Best way to route messages through one set of nodes?

So I'm going to create a pure Node-RED (no 3rd party nodes or libraries) Modbus TCP client, and I'd like to know if there's a better way to send messages through a common set of nodes.

Modbus TCP servers basically have a limit of just a few connections, or otherwise I'd throw all this in a subflow and reuse, but since this limit exists I need to send all messages through one TCP request node, and make sure they make their way back to the original sender.

I'm aware that I can have multiple inputs and/or outputs in a function node and route things that way, but that's messy and ugly, and I just don't like the idea. I've come up with the following pattern:

Up top would be a typical chunk of nodes using the TCP client, and down below is the client itself.

The idea is that the function node up top would add a transaction ID to the message, send through the link to the client, and receive it back into the same function node. The code in the function node would basically check if a transaction ID is present AND it was the last one sent out of that function node (will have many parts of flows using this, so need to differentiate who sent that particular message). Something like this in the "Send msg / process response" function node:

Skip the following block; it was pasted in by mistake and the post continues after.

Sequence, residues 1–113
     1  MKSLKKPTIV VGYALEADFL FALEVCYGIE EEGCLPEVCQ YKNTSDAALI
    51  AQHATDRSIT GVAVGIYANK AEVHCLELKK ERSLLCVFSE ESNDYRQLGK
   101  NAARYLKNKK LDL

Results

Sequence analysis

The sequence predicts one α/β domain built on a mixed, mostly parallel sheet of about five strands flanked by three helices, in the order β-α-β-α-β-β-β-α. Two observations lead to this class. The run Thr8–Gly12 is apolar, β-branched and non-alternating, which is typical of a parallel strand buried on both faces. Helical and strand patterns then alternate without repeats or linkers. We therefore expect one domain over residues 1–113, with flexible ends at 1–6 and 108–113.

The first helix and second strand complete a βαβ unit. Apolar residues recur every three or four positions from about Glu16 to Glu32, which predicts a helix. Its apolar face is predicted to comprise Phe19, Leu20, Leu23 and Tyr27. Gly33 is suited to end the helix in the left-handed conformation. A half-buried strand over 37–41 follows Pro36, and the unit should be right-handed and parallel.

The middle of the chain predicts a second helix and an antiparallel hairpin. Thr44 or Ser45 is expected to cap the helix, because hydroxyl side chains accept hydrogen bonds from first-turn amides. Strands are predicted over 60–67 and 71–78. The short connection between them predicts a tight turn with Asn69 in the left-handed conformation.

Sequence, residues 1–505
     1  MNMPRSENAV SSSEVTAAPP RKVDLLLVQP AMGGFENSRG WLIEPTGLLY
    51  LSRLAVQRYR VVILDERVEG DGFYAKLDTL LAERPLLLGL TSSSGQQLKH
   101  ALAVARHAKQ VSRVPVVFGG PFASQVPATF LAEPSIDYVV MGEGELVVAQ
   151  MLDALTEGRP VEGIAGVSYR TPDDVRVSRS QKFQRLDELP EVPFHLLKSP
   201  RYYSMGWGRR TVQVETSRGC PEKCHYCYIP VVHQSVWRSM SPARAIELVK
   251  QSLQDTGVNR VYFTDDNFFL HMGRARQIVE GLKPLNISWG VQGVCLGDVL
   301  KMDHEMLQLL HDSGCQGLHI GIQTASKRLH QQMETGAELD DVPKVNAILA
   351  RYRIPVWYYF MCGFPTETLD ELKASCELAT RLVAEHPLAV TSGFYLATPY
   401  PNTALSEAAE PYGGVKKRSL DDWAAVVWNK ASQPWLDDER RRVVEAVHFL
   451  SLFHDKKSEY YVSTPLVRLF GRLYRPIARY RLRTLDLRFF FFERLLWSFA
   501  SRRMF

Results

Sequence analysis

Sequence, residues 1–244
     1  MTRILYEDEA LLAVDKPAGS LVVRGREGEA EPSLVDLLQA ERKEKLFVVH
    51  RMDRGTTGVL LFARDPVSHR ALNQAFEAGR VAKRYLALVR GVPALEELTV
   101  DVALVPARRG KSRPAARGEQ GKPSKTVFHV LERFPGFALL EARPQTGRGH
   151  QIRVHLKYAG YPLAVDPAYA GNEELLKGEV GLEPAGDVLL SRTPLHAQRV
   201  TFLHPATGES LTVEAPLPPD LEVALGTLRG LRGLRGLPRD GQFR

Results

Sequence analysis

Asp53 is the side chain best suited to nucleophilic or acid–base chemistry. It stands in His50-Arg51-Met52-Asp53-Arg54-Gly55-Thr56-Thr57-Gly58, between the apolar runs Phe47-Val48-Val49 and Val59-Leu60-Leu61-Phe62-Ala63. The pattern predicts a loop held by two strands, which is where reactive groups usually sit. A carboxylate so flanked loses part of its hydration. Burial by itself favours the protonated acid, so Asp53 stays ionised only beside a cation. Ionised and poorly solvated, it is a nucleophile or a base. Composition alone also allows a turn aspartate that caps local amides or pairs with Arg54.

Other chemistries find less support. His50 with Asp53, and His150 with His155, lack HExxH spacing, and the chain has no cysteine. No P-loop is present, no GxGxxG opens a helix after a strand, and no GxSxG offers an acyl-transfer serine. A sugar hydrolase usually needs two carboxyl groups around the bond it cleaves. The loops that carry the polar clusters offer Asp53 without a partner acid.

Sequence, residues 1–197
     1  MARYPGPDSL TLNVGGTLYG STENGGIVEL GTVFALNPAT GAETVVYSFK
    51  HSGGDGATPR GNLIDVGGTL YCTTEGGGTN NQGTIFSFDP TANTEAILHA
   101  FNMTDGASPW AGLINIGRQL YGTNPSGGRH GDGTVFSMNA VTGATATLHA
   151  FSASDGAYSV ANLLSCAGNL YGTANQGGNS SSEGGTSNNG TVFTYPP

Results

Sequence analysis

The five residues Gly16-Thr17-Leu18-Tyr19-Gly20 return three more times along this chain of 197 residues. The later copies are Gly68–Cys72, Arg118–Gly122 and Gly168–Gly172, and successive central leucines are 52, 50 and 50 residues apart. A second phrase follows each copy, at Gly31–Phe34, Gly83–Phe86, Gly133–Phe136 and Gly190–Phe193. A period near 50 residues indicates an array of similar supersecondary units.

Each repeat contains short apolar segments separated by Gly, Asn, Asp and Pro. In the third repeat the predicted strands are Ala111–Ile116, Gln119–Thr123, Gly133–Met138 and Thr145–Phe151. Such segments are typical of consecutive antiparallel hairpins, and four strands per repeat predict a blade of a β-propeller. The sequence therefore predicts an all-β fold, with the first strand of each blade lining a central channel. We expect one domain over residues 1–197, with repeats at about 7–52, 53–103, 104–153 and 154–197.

if (msg.transID > 0) {
  // response received
  if (global.get(`TransIDs['${}']`) === msg.transID)) {
    // it's the one I'm looking for, process the response
} else {
  // request
  const transIDs = Object.values(global.get('TransIDs') || {});
  let transID;
  do { // generate random transaction ID but make sure it's not being used
    transID = Math.floor(Math.random() * 65534) + 1;
  } while (transIDs.includes(transID));
  msg.transID = transID;
  global.set(`TransIDs['${}']`, transID);
  // blah blah blah
  return msg;

This is probably just as messy as having multiple inputs/outputs with function nodes, but oh well. Anyway, is there a better or other alternative pattern to what I've mentioned?

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I've considered writing drivers in node-red only - I think it is perfectly doable.